Former Sheriff succumbs
GARYSBURG – Ellis Davis Squire, 77, former Sheriff of Northampton County, passed away at UNC Hospital on Oct. 26.
Squire was Northampton County’s first African-American Sheriff, serving from 1986 – 1990.
Current Sheriff Jack Smith said that Squire served with the Northampton County Sheriff’s Office for nearly 44 years.
He began his career as a deputy sheriff on February 1, 1972 with the Honorable E. Frank Outland.
Squire served in various positions throughout his long and distinguished career. He served as the Chief Deputy for the Sheriff’s Office for about five years under the Honorable Sheriff John Wood and Honorable Sheriff Wardie P Vincent Sr.
Sheriff Squire retired from active service with nearly 30 years of service at the end of 1999. He served as a reserve deputy from 1999 until his death.
He was a fixture around the courthouse where he served as a courtroom Bailiff and any other capacity he was asked to perform. He was well known in Northampton and surrounding counties for his truthfulness and honesty.
“He was truly a supporter of this Sheriff’s Office, other law enforcement agencies and his community,” said Sheriff Smith. “He will truly be missed by all who knew him.”
Sheriff Smith reported that all flags are flying at half staff in honor of him.
Former Northampton County Sheriff John Wood praised Squire’s service to the county.
“We were friends from the 1970s,” said Wood, who served as a highway patrolman in the ‘70s as Squire served Northampton as a deputy sheriff.
Even though Wood defeated Squire for sheriff in the 1990 election, they had been and remained good friends.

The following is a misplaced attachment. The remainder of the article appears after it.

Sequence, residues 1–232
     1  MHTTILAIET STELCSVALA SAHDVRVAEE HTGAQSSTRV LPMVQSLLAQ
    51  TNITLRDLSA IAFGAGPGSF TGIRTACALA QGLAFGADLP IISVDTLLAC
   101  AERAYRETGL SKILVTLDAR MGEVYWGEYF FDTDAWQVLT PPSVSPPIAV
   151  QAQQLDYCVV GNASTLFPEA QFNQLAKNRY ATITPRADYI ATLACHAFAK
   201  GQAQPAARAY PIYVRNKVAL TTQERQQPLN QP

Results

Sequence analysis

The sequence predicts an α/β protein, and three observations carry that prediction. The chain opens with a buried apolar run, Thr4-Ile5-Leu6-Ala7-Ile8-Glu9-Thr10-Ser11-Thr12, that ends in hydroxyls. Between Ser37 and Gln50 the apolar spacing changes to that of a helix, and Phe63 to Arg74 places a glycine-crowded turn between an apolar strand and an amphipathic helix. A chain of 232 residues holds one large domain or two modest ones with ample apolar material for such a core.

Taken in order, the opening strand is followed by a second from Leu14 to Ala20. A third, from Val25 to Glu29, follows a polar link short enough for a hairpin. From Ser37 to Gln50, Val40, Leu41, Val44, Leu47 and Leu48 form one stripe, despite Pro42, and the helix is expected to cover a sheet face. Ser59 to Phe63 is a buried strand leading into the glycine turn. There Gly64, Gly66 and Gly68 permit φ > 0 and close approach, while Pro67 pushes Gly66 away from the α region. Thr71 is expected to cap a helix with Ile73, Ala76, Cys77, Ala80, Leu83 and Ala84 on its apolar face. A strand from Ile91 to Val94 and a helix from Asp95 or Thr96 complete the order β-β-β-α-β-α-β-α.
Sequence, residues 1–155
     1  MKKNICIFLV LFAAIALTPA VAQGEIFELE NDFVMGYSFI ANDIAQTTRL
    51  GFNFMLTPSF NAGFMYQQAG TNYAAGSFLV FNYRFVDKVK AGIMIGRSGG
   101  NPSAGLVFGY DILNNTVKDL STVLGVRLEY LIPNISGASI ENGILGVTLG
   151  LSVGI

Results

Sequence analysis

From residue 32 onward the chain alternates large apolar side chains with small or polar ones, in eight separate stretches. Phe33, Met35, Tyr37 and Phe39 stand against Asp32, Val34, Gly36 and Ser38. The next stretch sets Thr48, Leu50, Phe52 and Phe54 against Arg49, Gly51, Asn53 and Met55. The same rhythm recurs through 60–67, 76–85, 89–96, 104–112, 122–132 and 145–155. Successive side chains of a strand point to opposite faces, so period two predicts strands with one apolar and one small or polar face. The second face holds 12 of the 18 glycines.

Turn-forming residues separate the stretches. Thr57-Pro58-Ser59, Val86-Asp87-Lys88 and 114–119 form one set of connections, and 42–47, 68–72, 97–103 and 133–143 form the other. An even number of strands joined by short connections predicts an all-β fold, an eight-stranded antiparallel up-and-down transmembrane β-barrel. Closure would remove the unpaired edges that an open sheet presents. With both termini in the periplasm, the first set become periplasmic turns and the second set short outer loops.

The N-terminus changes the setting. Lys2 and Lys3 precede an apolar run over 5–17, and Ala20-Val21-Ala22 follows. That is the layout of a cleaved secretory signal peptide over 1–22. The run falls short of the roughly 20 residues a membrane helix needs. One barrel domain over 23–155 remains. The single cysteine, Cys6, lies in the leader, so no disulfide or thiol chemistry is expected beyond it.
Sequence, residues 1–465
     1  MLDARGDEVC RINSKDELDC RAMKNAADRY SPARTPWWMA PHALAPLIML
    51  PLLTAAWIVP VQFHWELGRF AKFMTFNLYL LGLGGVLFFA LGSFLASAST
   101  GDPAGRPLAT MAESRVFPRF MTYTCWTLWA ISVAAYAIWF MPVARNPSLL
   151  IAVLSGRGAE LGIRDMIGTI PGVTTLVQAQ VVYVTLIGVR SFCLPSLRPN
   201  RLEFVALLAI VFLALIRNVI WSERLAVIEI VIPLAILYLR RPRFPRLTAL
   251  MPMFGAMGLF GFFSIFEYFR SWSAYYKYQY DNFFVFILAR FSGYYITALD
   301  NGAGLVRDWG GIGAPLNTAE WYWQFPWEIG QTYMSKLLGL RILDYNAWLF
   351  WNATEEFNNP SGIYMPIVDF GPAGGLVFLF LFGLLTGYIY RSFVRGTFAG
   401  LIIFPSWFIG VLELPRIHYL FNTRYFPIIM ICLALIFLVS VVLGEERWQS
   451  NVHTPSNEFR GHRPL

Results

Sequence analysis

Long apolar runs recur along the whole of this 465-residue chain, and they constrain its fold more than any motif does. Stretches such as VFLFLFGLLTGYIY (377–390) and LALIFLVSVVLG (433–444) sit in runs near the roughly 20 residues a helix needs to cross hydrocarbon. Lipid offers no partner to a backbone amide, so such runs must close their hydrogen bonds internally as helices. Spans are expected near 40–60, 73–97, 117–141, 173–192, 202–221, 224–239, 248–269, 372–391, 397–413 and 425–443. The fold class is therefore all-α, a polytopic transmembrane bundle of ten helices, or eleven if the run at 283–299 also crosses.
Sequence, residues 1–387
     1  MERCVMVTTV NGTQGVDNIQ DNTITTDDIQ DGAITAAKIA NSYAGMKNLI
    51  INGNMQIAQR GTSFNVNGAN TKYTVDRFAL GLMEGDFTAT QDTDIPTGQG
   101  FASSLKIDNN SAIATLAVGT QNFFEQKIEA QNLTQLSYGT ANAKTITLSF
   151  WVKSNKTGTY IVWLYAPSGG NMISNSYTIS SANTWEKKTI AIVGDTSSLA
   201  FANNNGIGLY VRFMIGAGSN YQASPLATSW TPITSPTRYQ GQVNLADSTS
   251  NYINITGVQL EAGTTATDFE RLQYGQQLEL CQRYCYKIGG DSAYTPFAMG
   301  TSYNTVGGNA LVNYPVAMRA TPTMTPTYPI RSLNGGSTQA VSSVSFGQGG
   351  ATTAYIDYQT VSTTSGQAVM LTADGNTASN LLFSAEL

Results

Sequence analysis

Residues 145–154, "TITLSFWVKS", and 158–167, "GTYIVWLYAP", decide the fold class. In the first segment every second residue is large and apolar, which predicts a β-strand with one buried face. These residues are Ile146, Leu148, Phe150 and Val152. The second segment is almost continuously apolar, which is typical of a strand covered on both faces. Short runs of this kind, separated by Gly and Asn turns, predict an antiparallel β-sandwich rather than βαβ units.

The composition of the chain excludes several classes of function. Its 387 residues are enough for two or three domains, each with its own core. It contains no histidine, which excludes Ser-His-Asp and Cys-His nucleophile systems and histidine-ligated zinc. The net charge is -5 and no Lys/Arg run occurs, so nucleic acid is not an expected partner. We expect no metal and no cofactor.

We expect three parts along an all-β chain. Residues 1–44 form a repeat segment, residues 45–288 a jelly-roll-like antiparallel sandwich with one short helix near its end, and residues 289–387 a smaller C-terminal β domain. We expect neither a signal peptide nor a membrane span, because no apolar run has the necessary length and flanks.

In fact, Wood said, Squire didn’t have enough time in service to retire in 1990, so Wood hired him to work as his chief deputy, retaining a highly respected and very knowledgeable law enforcement officer.
Wood, who thoroughly researched past sheriffs after he was elected, said he had gone back as far as the records go (the late 1800s) and confirmed that Squire was the first African-American to become sheriff. (Wood’s historical research has since been donated to the county museum.)
“He was a good man,” Wood said. “He was also a very good singer and loved to sing. I’d love to hear the angels sing with him.”
Long time former county manager Wayne Jenkins said he had known Squire for over 25 years and said this is a real loss for all of Northampton County.
“He was a true southern gentleman,” Jenkins said. “Ellis was an honest man who was always there for you when you needed help.
“I’ve gone to him many times for advice,” Jenkins said, “and he always listened and never failed to give me good advice and opinions.”
Jenkins added, “He always helped anyone who asked. He will be missed.”
Squire was born March 12, 1938, in Northampton County, to the late Warner Squire Sr. and Elfreda Ingram Butcher.
He is survived by, Lorraine High of Roanoke Rapids, Nichole Jones (Royal) of Springfield, Va., Elton Floyd (Donna) of Maryland, Jerome Squire of Sanford, Richard Squire of Greenville and Charles Squire (Kathy) of Maryland; 10 grandchildren; seven great-grandchildren; his siblings, Rose Squire, Elizabeth Squire, Dorothy Squire, Geraldine Scott (Shelton) and Jeraldine Butcher Roberts (Danny), all of Gaston, Leon Squire of Roanoke Rapids, David Louis Squire of Gaston, Warner Squire Jr. (Mary) and Gilbert Squire, all of West Palm, Fla.; his fiancee, Joyce Kearney of Halifax; a host of nieces, nephews, cousins, other relatives and friends.
A service honoring his life, love and legacy, will commence at 12 noon on Saturday, Oct. 31 at Gaston Middle School, 152 Hurricane Drive (off Broughton Street) in Gaston, with Bishop Wayne I. Welch Sr. delivering words of comfort. He will be laid to rest in Squire Memorial Gardens in Garysburg.
Squire will lie in state from 10:30 a.m. until noon on the day of the service in the school’s auditorium.